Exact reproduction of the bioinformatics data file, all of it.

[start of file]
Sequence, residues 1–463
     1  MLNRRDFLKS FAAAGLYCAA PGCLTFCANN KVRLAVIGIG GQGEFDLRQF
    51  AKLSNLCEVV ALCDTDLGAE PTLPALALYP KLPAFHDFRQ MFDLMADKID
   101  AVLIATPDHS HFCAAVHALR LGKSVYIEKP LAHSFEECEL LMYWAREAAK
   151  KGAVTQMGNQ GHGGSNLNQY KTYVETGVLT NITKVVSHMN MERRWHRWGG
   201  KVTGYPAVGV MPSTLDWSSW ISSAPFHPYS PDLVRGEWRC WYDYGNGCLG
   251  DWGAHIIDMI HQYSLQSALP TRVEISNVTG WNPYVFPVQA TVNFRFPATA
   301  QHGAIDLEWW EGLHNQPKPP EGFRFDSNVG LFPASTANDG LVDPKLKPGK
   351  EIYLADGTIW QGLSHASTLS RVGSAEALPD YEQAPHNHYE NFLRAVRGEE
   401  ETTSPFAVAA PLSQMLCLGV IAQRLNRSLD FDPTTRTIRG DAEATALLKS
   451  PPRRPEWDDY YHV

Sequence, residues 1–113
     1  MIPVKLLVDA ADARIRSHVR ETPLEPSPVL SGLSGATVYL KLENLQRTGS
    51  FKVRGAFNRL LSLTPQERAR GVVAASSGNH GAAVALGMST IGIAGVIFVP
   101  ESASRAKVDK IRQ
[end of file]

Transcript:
Sequence, residues 1–463
     1  MLNRRDFLKS FAAAGLYCAA PGCLTFCANN KVRLAVIGIG GQGEFDLRQF
    51  AKLSNLCEVV ALCDTDLGAE PTLPALALYP KLPAFHDFRQ MFDLMADKID
   101  AVLIATPDHS HFCAAVHALR LGKSVYIEKP LAHSFEECEL LMYWAREAAK
   151  KGAVTQMGNQ GHGGSNLNQY KTYVETGVLT NITKVVSHMN MERRWHRWGG
   201  KVTGYPAVGV MPSTLDWSSW ISSAPFHPYS PDLVRGEWRC WYDYGNGCLG
   251  DWGAHIIDMI HQYSLQSALP TRVEISNVTG WNPYVFPVQA TVNFRFPATA
   301  QHGAIDLEWW EGLHNQPKPP EGFRFDSNVG LFPASTANDG LVDPKLKPGK
   351  EIYLADGTIW QGLSHASTLS RVGSAEALPD YEQAPHNHYE NFLRAVRGEE
   401  ETTSPFAVAA PLSQMLCLGV IAQRLNRSLD FDPTTRTIRG DAEATALLKS
   451  PPRRPEWDDY YHV

Sequence, residues 1–113
     1  MIPVKLLVDA ADARIRSHVR ETPLEPSPVL SGLSGATVYL KLENLQRTGS
    51  FKVRGAFNRL LSLTPQERAR GVVAASSGNH GAAVALGMST IGIAGVIFVP
   101  ESASRAKVDK IRQ